Laos used to be a popular destination for partying but, since the wild tubing days have been curtailed, it’s turned into a more relaxed, outdoor-oriented country. Here you’ll find a landlocked country steeped in nature, food, history, and Buddhism. Laos is going through growing pains as it finally enters the world community. It’s not the cheapest country in the region (everything is imported) but it is one of the best! I loved my time there and, while the country is no longer a “secret”, it’s still a lot less visited than its neighbors.
Top 5 Things to See and Do in Laos
1. Visit Vang Vieng
river and surrounded by caves, lagoons, and mountains, it was the perfect chill-out spot. It didn’t take long to develop into a crazy, hedonistic city where drinking and drugs proliferated. Nowadays, things have calmed down and it has become a hub for outdoor adventure, jungle hikes, and lazy days on the river.
2. Visit the 4,000 Islands
3. Relax in Luang Prabang
4. Try the Gibbon Experience
5. See the Plain of Jars
Other Things to See and Do
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1. Explore the Vieng Xai Cave City
Located close to Sam Nua (near the Vietnamese border), these caves served as living quarters for Laotian soldiers during the the 1960s. Guided tours can be found at the Vieng Xai Caves Visitor Centre. Admission is 60,000 LAK. The bus there is 20,000 LAK while a tuk-tuk (no matter how many people) is 150,000 LAK. Tuk-tuk drivers charge 250,000 LAK for the ride home so stick to taking the bus!
2. Trek to the Kuang Si Falls
This huge waterfall is breathtaking. While one of the most popular attractions in the area (try to avoid the weekends when the locals crowd the area too), it was one of the most breathtaking things I saw in Laos. The water is perfect and the scenery breathtaking. The picture at the top of the page? Kuang Si! Definitely do not miss this place. Be sure to find the secret pool for a swim too! (My blog post has info on how to find it!) Admission is 20,000 LAK, and a tuk-tuk from Luang Prabang will cost 30,000-40,000 LAK.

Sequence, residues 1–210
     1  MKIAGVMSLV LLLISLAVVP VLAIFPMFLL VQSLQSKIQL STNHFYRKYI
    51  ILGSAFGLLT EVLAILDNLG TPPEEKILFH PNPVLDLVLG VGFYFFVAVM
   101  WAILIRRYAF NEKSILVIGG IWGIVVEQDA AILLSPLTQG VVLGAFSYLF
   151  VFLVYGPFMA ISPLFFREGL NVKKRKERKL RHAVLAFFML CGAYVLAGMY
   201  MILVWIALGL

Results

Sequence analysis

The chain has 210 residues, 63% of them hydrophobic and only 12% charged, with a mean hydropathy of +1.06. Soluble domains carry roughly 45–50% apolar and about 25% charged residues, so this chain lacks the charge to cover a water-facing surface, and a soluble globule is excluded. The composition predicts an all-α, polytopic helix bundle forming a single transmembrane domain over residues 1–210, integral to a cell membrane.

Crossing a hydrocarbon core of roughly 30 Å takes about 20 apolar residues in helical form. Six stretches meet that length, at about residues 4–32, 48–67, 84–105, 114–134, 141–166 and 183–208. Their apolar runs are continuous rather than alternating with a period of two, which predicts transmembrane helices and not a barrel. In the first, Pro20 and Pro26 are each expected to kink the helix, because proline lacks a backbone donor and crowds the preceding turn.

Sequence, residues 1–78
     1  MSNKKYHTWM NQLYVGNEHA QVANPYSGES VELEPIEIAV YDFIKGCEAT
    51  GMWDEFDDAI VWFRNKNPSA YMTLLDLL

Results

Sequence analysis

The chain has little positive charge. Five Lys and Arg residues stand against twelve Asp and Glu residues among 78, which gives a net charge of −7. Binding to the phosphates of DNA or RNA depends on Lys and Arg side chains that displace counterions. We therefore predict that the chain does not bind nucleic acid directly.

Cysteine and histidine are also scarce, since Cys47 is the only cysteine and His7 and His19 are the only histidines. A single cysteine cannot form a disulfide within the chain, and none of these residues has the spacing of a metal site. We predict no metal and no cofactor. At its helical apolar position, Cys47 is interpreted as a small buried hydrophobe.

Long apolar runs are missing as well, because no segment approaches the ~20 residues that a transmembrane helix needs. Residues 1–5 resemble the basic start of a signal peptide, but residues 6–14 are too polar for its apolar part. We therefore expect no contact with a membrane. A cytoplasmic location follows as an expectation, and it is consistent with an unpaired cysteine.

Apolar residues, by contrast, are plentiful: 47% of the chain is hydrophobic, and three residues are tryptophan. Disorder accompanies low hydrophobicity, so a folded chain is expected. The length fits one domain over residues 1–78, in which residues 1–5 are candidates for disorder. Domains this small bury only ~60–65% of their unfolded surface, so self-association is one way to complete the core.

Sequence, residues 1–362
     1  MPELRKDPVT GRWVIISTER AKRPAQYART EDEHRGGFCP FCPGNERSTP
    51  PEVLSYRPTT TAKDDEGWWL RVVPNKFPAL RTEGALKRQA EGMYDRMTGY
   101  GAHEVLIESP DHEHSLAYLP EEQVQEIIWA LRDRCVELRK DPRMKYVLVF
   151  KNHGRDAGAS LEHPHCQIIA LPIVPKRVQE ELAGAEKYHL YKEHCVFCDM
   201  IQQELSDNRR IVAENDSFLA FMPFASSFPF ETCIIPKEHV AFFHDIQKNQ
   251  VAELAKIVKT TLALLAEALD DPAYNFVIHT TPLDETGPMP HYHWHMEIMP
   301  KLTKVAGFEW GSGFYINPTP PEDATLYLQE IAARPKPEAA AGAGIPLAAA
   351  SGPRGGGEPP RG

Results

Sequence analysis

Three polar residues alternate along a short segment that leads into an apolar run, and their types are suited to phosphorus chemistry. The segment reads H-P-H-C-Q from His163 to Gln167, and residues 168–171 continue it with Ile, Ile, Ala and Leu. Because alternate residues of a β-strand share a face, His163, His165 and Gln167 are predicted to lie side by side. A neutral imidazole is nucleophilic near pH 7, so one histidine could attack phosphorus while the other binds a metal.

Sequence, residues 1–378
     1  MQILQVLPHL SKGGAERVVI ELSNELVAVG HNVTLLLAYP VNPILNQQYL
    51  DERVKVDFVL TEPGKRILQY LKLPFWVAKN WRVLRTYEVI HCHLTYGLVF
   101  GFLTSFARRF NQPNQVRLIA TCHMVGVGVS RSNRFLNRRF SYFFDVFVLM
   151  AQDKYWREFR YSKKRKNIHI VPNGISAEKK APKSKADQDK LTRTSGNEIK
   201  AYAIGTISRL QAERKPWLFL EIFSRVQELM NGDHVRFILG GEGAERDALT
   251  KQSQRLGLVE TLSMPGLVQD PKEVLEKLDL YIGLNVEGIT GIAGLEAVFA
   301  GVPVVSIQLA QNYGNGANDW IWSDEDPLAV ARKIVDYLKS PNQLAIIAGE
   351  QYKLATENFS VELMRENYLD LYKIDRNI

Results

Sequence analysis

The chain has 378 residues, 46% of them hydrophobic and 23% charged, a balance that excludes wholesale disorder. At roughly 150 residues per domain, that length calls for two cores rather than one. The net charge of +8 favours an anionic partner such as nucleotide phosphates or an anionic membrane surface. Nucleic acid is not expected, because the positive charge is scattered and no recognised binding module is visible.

3. See the Great Stupa (Pha That Luang)
This huge gold-covered stupa is in Vientiane and is the greatest monument in the nation. It has a long history and conveys the Buddhist doctrine throughout. You can admire the stupa from outside for free (which is what most people do). If you want to enter, admission is 5,000 LAK.
4. Head to Vientiane
The capital and largest city in Laos is full of important national monuments and temples. It is located on the banks of the Mekong River and sees its fair share of tourism. While there, be sure to check out Buddha Park, a sculpture garden full of giant Buddha statues. This is also the best place to get international food in the country!
5. See the waterfalls at the Bolaven Plateau
Located in Southern Laos close to the city of Pakse, the Bolaven Plateau is part of a crater that formed from an ancient volcano. You can trek around the area and explore several of the waterfalls. The Bolaven Loop cuts through the entire crater and takes you close to all the falls. Each waterfall will charge an entry fee (usually between 5,000-10,000 LAK) as well as a parking fee for your bike (3,000-5,000 LAK).
6. Visit the Elephant Conservation Center
Located in Sainyabuli (near Chiang Mai) the ECC was launched in 2011 by a team of elephant specialists working towards protecting the elephant population in Laos. It’s the best way to see elephants in a responsible way that doesn’t harm them. Prices start at 1,700,000 LAK for a 2-day visit while a 7-day volunteering session costs around 4,000,000 LAK.
7. Slow Boat on the Mekong
Drift down the Mekong River on a long, narrow boat with comfortable seating, great food, and amazing views of the country. You can find a ride typically from the border at Huay-Xai that will drop you off in Luang Prabang. Slow boats take 2-3 days, stopping at guesthouses for the nightly accommodation. Prices will vary depending on the quality of your tour company, but a decent tour will run you around 1,000,000 LAK.
8. Phou Hin Poun Conservation Area
Mountains, a limestone forest, rapids, caves, and amazing scenery await you in the protected Phou Hin Poun area of Laos. The entire area is filled with unique species of flora and fauna, making it a great place to explore and take some photos. A two-day guided trek will cost around 550,000 LAK.
9. Relax in Nong Kiew (Muang Ngoi)